When I first started reading Nineteen Seventy-Four, the first book in David Peace’s Red Riding quartet, I thought that he was something of a James Ellroy wannabe. But as I got into the book I stopped thinking that and decided that he was original, and the style was compelling. By the end of the quartet I was satisfied that it all worked in conveying the mood, the emotions and the action. It wasn’t necessarily easy – the word “bleak” is used a lot in relation to David Peace – but I think that the use of different perspectives at different times in an unfolding story was important in delivering the whole effect. That story is backgrounded by the police investigation into the Yorkshire Ripper murders, but it deals with overwhelming corruption and evil that seem to be an integral part of that landscape.
So it was with some anticipation that I moved on to the Tokyo trilogy, set in a post-war Tokyo dealing with the aftermath of defeat, where the physical destruction of the city is matched by the destruction of society’s structures and norms, and by the physical and mental decay of the people having to face a wrenching change in their reality. The first book in the trilogy, Tokyo Year Zero, is based on a real case, and tells the story of finding a serial murderer of women, from the perspective of a police detective. Again, it is not an easy book, but the style brilliantly conveys the mind and fears of Detective Minami as his discoveries bring together his own past and the murdered women and their murderer. So that was good, and it was one of those books that improve on reflection.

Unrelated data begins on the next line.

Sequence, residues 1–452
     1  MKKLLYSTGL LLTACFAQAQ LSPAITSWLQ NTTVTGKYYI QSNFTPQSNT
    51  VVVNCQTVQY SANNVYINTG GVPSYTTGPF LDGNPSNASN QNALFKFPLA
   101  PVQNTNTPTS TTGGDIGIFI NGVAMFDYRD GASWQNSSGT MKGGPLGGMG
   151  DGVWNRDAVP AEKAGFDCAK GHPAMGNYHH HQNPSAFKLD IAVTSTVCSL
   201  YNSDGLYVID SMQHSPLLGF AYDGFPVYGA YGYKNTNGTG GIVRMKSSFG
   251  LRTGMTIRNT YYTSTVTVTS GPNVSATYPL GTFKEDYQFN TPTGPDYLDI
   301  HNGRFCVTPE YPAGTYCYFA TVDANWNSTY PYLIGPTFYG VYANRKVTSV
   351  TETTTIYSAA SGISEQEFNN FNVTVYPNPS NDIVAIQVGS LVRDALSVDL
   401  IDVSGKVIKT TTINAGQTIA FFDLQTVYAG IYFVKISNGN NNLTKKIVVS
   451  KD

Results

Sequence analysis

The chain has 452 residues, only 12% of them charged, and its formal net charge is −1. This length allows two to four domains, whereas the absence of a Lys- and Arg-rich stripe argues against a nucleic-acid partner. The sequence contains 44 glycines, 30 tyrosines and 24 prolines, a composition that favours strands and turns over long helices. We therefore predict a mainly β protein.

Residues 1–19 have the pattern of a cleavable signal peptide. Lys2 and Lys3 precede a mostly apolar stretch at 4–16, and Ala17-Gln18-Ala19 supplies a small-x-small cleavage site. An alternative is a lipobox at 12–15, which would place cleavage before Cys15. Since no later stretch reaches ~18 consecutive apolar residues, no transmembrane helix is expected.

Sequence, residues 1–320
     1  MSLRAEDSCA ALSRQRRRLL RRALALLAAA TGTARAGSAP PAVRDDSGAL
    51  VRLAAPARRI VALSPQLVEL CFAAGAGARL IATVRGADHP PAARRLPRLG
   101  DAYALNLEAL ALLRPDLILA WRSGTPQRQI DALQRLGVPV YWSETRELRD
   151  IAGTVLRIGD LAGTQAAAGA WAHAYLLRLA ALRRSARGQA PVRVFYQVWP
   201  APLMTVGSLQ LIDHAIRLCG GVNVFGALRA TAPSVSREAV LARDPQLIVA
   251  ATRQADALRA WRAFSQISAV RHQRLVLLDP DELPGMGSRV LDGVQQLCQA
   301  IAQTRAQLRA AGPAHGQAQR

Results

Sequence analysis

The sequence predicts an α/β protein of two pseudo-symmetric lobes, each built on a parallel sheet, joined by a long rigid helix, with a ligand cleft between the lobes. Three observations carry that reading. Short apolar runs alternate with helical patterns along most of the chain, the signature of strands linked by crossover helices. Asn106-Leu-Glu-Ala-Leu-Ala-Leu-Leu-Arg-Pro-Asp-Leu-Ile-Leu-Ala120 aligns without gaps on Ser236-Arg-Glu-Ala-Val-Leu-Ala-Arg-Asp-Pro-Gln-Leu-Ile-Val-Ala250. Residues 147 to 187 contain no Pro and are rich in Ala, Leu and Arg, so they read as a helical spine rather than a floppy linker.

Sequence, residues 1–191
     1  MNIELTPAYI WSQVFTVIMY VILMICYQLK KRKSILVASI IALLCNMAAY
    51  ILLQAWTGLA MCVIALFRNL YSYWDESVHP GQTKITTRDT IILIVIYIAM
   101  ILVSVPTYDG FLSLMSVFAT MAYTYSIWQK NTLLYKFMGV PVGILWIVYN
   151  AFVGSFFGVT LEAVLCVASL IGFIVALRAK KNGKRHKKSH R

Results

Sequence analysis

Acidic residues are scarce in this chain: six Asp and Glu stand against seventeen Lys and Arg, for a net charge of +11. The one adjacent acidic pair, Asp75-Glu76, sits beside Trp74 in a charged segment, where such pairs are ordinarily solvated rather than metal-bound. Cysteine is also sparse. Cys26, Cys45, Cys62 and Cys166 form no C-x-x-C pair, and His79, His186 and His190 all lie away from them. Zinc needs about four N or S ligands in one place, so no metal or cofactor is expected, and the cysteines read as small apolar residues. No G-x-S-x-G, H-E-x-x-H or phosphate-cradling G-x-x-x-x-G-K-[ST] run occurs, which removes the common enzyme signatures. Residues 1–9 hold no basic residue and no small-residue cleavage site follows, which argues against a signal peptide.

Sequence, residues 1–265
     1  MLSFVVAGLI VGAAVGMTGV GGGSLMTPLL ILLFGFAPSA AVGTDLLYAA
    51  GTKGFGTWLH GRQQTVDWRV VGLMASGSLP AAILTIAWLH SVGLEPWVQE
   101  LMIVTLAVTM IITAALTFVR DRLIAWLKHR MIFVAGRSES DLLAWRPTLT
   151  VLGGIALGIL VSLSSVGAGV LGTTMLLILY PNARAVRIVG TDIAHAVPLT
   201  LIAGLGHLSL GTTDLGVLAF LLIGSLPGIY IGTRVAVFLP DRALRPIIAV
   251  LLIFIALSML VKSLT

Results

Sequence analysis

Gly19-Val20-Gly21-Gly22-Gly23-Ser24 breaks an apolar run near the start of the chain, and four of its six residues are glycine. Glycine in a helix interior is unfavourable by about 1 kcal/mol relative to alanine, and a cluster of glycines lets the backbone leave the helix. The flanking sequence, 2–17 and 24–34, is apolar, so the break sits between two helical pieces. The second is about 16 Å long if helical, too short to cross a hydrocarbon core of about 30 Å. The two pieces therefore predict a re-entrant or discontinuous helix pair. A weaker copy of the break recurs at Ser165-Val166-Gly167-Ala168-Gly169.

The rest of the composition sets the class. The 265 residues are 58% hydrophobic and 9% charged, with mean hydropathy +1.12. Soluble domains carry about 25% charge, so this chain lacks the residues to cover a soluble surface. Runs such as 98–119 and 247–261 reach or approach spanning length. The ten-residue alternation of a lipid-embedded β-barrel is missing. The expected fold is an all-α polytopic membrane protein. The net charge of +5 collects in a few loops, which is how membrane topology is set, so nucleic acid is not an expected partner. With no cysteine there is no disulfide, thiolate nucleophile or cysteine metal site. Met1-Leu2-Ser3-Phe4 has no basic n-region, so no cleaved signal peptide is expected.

Which brings me to Occupied City. Again, it is the story of deaths in Tokyo, and is again based on a true story of a massacre and robbery using methods linked to wartime research into chemical and bacterial weapons. The framework for this book is twelve stories of the events, told from the perspectives of twelve people with an involvement in them, and is apparently similar to the approach in the Kurosawa film Rashomon (which I have not seen), and also to a Japanese tradition of a ghost-story-telling game. Wherever it came from, I found the device for linking the stories to be obscure.
Bleakness is here, and collapse, both personal and of society, is pervasive, but I felt that this book somehow lacked the energy of the quartet and of Tokyo Year Zero, possibly because the different stories were too fragmented. What does come through in a sad and compelling way is the corruption and duplicity of the rulers of the city, of both the occupiers and occupied, in their willingness to accommodate evil, and the implication that little has changed in this respect when we look at our world in our time.
The writing style is even more extreme in its use of repetition and of typography. Whereas I found this worked in the earlier books, it tended to be more of a distraction in this one.
David Peace is bleak, and his writing is not easy, but it can be rewarding. I will try his other books, GB84 and The Damned United, and I do have the Red Riding DVDs to watch.
Occupied City by David Peace, published by Faber and Faber, paperback 2010, ISBN 9780571232031